BBC NEWS Americas Africa Europe Middle East South Asia Asia Pacific Arabic Spanish Russian Chinese Welsh

 You are in:  UK Politics
Front Page 
UK Politics 
Talking Point 
In Depth 

Commonwealth Games 2002

BBC Sport

BBC Weather

Wednesday, 13 March, 2002, 15:01 GMT
The view from the beat
Off-duty officers arriving at the QEII Centre in Westminster.
Thousands of officers arrived in London to protest.
test hello test
By Jackie Storer
BBC News Online political staff
Dressed in their civvies, there was little doubting the strength of feeling against David Blunkett's plans to cut overtime pay and hand powers to civilian.

Thousands of officers from as far afield as Scotland and Northern Ireland had used a sacred day off to register their views at the rally in Westminster.

I regard a cut in over-time as a complete slap in the face

PC Russell Yardley

PC Russell Yardley, 48, a Metropolitan Police officer based at Richmond, said: "David Blunkett is offering us 400 a year in extra pay and then this reduction in overtime.

"I am certainly earning about 3,000 to 4,000 a year in over-time which is higher than average, but that is because I feel I am a keen, hard-working officer.

Cheap shot

"When you are working very long hours, I regard a cut in over-time as a complete slap in the face.

"It is policing on the cheap."

Hampshire police constable Stuart Vaughan, 24, based at Cosham, Portsmouth, said: "Over-time is quite a big part of the job. It is not a 9-5 job.

"Some times we end up working 17.5 hours. Under the new reforms, we wouldn't be paid for those hours.

"We have got lives outside the police. There aren't many other jobs where you are expected to work over-time for free."

PC Russell Yardley
PC Yardley: Reforms are 'policing on the cheap'.

PC Tony Clifford, 24, also based at Cosham, said he feared officers would end up "bailing out" Mr Blunkett's community wardens.

"It is bad news giving powers to people with very little training, when they don't know the ins and outs of the job.

"It is dangerous. We get enough grief when we turn up to a job. We get shouted at, abused, hit and we have got some form of protective equipment.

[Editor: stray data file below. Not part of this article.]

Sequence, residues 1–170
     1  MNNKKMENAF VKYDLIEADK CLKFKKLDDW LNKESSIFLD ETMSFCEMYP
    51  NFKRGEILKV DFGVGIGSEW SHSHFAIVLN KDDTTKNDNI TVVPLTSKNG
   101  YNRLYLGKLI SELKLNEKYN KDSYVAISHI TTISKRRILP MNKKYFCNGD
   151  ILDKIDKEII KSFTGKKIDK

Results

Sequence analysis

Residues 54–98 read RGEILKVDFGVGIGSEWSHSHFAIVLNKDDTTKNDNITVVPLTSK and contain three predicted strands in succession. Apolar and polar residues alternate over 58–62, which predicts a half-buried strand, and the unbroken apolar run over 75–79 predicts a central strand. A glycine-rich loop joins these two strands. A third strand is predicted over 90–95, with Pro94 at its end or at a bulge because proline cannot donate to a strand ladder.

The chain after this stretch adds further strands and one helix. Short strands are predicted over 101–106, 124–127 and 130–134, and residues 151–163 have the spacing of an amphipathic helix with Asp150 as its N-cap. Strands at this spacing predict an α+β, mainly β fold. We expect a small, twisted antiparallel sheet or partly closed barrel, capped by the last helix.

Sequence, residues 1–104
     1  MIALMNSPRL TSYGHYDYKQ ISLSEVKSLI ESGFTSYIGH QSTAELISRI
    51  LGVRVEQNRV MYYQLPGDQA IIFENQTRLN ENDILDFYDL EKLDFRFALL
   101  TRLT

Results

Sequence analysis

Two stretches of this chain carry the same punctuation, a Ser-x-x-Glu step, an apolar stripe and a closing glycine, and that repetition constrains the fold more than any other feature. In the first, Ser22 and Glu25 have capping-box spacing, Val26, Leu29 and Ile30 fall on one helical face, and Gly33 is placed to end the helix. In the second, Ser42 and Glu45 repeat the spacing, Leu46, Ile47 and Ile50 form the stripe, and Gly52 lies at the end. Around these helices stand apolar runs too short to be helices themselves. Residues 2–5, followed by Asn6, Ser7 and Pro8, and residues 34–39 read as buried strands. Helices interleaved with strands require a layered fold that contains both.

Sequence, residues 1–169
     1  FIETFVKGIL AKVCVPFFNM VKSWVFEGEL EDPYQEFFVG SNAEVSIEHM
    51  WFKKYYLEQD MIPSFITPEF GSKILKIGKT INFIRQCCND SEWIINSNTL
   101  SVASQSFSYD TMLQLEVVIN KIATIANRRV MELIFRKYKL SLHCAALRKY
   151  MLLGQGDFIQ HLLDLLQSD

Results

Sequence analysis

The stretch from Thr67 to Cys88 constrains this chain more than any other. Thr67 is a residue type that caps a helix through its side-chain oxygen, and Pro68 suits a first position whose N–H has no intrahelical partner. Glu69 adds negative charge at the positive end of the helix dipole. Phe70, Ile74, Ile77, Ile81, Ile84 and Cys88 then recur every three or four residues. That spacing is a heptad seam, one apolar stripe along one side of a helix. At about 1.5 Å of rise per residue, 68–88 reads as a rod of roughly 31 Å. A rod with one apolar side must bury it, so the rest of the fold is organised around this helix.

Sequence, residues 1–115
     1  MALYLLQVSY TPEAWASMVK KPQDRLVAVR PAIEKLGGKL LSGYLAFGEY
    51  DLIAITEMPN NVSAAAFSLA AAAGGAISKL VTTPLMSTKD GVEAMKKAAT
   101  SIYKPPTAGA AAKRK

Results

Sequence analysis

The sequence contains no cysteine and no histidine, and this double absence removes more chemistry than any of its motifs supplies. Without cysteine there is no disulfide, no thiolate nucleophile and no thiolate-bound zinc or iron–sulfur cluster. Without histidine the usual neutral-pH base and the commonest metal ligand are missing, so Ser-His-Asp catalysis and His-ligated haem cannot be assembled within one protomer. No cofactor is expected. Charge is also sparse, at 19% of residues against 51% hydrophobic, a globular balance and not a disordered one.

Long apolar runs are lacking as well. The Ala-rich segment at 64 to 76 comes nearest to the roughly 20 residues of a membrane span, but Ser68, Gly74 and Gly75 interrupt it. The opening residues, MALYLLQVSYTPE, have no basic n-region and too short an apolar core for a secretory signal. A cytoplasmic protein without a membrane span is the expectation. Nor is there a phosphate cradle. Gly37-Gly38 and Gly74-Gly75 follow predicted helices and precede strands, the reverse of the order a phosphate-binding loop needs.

Second class force

"I think civilians would struggle to apprehend anybody."

Sgt Gordon Rolland, a Lothian and Borders officer, who caught a 6.30am flight from Edinburgh to join the protest, said: "I am concerned about the way inwhich the home secretary is trying to impose changes to pay and conditions, bypassing the proper negotiating process.

"I am worried about giving untrained people the powers of a police officer.

"I think it will turn the police into a second class service."

People are anti-traffic wardens, goodness knows what they will make of community wardens

PC Pete Clout

PC Dave Rogers, area chairman of the Defence Police Federation and PC Pete Clout, area secretary, attended the rally to support the national police federation.

PC Rogers, 54, based in Woolwich, said: "We have always hoped that over-time would never be a necessary - that we would get a good enough wage.

"Our dispute is that when you have to do over-time, you get properly compensated for it.

PC Pete Clout and PC Dave Rogers
PC Clout and PC Rogers: Officers should be properly compensated for over-time.

"The 400 pay rise that they are proposing would not compensate at all."

PC Rogers said giving civilians powers of arrest for 30 minutes negated the fact that a police officer would still be needed to deal with the incident.

"It's an added complication. It doesn't lighten the work of a police officer at all.

"You will have to judge how much force a warden has used. You might end up arresting the person for an offence, but also looking at whether the warden has exceeded their powers."

Seven Oaks-based PC Pete Clout, 45, said he wondered what the public would make of civilian police officers.

"People are anti-traffic wardens, goodness knows what they will make of community wardens," he said.

West Dulwich-based DS Alex Robertson, chairman of the British Transport Police Federation, said cutting the overtime rates would severely affect his colleagues.

PC Stuart Vaughan and PC Tony Clifford
PC Vaughan and PC Clifford: Concern over how civilians will cope.

"The government has under-estimated the strength of feeling among all officers."

DS Phil White, BTPF general secretary, said he was concerned that the train operating companies that fund BT Police may be prepared to save money from the reforms, but not make the investments needed.

"It is important for us to be here to show our support for the England and Wales federation."

The BBC's Daniel Sandford
"David Blunkett will have to build bridges with rank and file officers"
Police Federation Chairman Fred Broughton
"This is a cheapening of policing"
Home Office Minister John Denham
"We want to be remembered for success in supporting officers"
See also:

22 Feb 02 | UK Politics
'No compromise' over police pay
17 Dec 01 | UK Politics
Q&A: Police reform white paper
29 Nov 01 | UK Politics
Police anger over Blunkett reforms
13 Mar 02 | UK Politics
Police reform row tests Blunkett
Internet links:

The BBC is not responsible for the content of external internet sites

Links to more UK Politics stories are at the foot of the page.

E-mail this story to a friend

Links to more UK Politics stories